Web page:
If anyone knows anything about staying fit whilst throwing a punch, it’s Menay ‘The Emperor’ Edwards. With a strong right hook and a lightning-fast jab, ‘The Emperor’ is famous for knocking down JJ Ojuederie and claiming the Southern Area crown in 2013. He’s also challenged for the English Cruiserweight title and boxed in the Harringay Box Cup, before being mentioned as a potential amateur fighter for the English squad. Now he’s turned his attention to personal training and is amassing a strong following of people who believe that boxing is the right way towards getting fit. Here are his top five boxing tips that will get you punching up a sweat like some of the best fighters out there.
Exercise: Shadow box like Floyd Mayweather
How to: Imagine yourself throwing punches against an opponent. You need to adopt a fighting stance, left foot forward, right foot back, fists close to your chin with your head slightly tucked in. Your strongest hand, which is often your writing hand, is always at the back. Step in front with the opposite foot. The hand with the foot out front will be your jab (your 1) and your strongest hand, or your backhand (your 2) the opposite. Find a strong head on vertical position that your body is comfortable with. You can now adopt a nice 1-2 punching rhythm. Don’t be afraid to step up the pace and throw in a hook or an uppercut. Just make sure to turn the waist, pivot your back foot and bend the knee if you’re throwing an uppercut.
How many: 15 reps of 1-2 punching movements, 4 sets
Benefits: If you’ve never watched a video of Floyd Mayweather shadow boxing, I strongly urge you to do so. It’s a fantastic exercise that helps you develop your agility, focus, and conditions your upper body muscles for sustained activity. It’s also a great way to begin your workout and warm up. As you punch, you rotate your waist and pivot your foot, so essentially you’re engaging a lot of muscles. As your heart rate spikes up, you’re pumping blood into every fiber which will get you ready for the activity ahead.
Tip: Grab a 1.5kg dumbbell in each hand. The more weight you add, the more you’re going to be engaging your upper body muscles. If you perform upper cuts and hooks, you are engaging your waist and your forearms.
Exercise: Jump rope like Anthony Joshua
How to: If you’ve ever watched Anthony Joshua train you may have noticed that he always sticks to one basic exercise. Skipping rope. Put on a bodysuit, a jumper, anything warm, and go grab yourself a skipping rope. Pick a flat surface and a long rope. Gently grip both ends of the rope. Start off by mentally practicing and timing your jumps. The goal here is to keep a fast pace and steady rhythm going.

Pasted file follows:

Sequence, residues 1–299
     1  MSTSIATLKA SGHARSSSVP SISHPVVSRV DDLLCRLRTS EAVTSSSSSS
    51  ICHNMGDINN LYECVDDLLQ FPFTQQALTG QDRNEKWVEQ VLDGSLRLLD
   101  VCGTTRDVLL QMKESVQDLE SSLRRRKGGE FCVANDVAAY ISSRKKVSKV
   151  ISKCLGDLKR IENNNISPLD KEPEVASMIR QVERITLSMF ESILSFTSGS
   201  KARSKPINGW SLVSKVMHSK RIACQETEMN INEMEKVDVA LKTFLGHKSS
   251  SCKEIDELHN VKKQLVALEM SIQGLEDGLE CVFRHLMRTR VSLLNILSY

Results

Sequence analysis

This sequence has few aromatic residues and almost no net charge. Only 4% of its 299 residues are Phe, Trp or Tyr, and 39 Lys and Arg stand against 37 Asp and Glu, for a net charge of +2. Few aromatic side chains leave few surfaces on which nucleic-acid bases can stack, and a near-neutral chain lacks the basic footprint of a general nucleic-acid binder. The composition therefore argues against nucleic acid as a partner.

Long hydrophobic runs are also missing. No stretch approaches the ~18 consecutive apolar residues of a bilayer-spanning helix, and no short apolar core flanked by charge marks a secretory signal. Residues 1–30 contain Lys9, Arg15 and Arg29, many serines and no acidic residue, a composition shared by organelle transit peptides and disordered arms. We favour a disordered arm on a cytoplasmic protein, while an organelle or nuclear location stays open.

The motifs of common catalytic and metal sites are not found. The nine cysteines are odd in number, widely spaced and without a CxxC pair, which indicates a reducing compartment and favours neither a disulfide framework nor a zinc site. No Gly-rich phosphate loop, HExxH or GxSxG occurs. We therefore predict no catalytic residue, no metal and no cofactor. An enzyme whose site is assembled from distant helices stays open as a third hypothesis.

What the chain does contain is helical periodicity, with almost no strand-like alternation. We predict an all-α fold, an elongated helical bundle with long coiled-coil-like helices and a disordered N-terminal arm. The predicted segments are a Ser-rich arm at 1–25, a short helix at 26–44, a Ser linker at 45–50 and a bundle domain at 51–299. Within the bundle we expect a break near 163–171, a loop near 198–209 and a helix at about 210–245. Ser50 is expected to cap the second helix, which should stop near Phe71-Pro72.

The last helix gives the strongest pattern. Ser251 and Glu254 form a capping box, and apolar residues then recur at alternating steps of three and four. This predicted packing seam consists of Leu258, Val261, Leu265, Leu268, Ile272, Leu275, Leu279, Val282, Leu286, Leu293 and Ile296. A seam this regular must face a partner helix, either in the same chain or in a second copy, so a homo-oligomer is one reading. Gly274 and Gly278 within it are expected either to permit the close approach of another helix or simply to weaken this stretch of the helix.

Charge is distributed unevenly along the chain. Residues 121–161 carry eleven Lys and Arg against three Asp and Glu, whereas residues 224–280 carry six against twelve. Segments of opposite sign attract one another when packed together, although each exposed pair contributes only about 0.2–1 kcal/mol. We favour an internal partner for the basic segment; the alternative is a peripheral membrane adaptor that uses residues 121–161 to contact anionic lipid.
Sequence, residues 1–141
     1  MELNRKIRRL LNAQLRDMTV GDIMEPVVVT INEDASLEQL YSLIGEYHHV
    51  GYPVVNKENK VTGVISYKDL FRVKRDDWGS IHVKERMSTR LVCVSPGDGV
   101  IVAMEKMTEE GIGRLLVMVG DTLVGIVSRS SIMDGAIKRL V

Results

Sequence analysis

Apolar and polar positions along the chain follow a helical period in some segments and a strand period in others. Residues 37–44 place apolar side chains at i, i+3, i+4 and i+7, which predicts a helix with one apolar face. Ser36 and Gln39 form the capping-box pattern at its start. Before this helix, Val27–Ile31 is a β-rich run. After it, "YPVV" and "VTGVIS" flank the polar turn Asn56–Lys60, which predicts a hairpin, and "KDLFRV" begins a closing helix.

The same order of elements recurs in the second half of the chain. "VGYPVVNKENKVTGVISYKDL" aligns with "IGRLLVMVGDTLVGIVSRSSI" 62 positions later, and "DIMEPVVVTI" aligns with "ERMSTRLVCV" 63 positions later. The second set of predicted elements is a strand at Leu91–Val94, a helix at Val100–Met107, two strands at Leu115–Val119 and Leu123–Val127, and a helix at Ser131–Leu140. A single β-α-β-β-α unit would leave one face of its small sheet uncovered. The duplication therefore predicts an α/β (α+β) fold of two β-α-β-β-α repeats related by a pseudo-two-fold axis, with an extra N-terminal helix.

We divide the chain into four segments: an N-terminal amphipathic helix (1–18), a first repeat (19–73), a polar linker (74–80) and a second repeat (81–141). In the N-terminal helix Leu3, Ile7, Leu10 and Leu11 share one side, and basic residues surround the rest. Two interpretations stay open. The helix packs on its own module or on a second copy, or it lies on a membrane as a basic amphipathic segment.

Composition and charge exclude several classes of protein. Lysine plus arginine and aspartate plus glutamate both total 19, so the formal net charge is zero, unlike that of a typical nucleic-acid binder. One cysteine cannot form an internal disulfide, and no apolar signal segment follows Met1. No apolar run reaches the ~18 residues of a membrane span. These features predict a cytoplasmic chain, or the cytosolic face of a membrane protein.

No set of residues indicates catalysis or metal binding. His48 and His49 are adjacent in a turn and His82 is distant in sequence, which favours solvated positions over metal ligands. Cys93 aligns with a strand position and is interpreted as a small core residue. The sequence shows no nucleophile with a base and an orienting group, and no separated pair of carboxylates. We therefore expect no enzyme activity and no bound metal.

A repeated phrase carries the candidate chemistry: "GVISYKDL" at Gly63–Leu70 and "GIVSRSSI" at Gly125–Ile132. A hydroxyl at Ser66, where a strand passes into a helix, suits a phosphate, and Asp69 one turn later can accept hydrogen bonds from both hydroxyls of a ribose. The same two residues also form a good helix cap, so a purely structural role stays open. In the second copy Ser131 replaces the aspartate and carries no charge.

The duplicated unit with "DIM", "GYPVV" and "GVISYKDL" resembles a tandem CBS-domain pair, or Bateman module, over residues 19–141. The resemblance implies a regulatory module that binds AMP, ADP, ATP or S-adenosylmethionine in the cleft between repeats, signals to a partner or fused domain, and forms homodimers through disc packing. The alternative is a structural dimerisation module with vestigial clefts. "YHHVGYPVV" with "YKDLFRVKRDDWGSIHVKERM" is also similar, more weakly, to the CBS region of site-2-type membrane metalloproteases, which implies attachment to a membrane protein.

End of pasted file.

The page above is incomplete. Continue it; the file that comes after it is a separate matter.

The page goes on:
How many: 4 sets of 2 minute rounds with 30 seconds rest in between each set
Benefits: Before you know it, you will be dripping sweat, burning calories and sending your heart rate into cardio heaven. If done right, the steady pace of up and down jumping should take your heart to between 120-140 bpm. Jumping rope is not just affordable and easy to do, but it’s also one of the most efficient ways for boxers and other top-level athletes to train. You’re improving footwork, endurance, stamina, quickness, coordination and burning fat at the same time.
Tip: Adjust your skipping pace to your favourite music playlist. I usually aim to get through 5 Drake songs before I stop completely.
Exercise: Sit up punches like Manny Pacquiao
How to: Have you ever wondered why boxers are so adept at taking body shots? Unless it’s a well placed shot to the liver, the odds are that a boxer’s core is rock solid. The trick? Lots and lots of sit up variations. The best sit up variation that Pacquiao and myself use is a punching one. Lay down on a flat and comfortable surface, bring your legs and knees together and proceed to go into the UP position. This means bringing your neck just above your tailbone as you go up. However, once you’ve reached the top of the movement, the key is to go into a punching 1-2 movement, much like the shadow boxing exercise. As you go into the DOWN position, make sure to take your hands back in and hold them by your side. This way, as you go UP, you extend your arms into the 1-2 punching motion and back down again.